Additional 30,000 H-2B visas to be issued in 2019

Many employers in states like Florida with economies that are heavily dependent on tourism have been petitioning Congress for years to increase the annual H-2B visa quota. Due largely to a surging economy and plummeting unemployment rates, the departments of Labor and Homeland Security supported increased H-2B allocations in 2017 and 2018, and 15,000 visas were added to the 66,000 yearly cap. On May 8, a temporary rule is expected to be published in the Federal Register that increases the 2019 H-2B visa quota by 30,000.

These visas are issued to allow foreign workers to take jobs in seasonal industries like agriculture and hospitality. The additional 30,000 visas authorized by the temporary rule will be granted to former H-2B recipients who have worked in the United States before, did not overstay their visas and require minimal vetting. Initial media reports do not make clear whether employers seeking the extra H-2B visas will have to establish that they could suffer irreparable harm if they are unable to hire more workers. This was a condition imposed in both 2017 and 2018.

Trump wants changes to asylum system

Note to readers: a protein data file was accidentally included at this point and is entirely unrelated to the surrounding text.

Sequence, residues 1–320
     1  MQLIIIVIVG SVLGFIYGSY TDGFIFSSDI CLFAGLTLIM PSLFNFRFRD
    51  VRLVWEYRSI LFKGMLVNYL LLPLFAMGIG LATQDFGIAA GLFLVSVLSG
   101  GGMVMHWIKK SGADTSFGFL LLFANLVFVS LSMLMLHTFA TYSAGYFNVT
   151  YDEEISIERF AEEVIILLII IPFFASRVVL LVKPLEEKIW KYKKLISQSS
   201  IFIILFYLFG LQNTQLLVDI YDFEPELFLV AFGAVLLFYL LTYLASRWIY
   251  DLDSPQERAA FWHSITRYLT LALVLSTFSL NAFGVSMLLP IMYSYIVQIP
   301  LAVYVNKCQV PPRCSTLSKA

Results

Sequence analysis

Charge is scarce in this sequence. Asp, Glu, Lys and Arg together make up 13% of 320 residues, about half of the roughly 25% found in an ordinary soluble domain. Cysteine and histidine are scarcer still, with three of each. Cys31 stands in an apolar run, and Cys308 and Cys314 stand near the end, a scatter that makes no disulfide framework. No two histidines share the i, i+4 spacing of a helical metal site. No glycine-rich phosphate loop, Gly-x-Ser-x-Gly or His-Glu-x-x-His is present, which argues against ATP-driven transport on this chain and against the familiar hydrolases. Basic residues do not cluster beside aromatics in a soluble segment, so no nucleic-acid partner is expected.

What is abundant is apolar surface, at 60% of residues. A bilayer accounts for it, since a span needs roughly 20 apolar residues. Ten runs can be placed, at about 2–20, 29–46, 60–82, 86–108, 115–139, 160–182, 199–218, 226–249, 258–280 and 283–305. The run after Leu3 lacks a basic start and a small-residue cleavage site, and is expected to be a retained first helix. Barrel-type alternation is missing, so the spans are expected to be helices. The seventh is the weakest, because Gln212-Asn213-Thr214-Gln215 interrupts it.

Florida residents may be aware that President Trump has made cracking down on illegal immigration a top priority. Recently, the Trump administration has called for changes to the way that asylum seekers are processed. Among those changes include a proposal to charge individuals seeking asylum a fee as well as not allowing some to work in the United States. This has drawn criticism from immigration advocates as well as some lawmakers.

The president believes that the current way that immigrants ask for asylum is dangerous and ineffective. He has also stated that seeking asylum is akin to a loophole in the immigration system. The Immigration and Nationality Act does allow the United States to charge fees for those seeking entry into the country. However, those who are opposed to the idea say that it may not possible for most immigrants to pay them.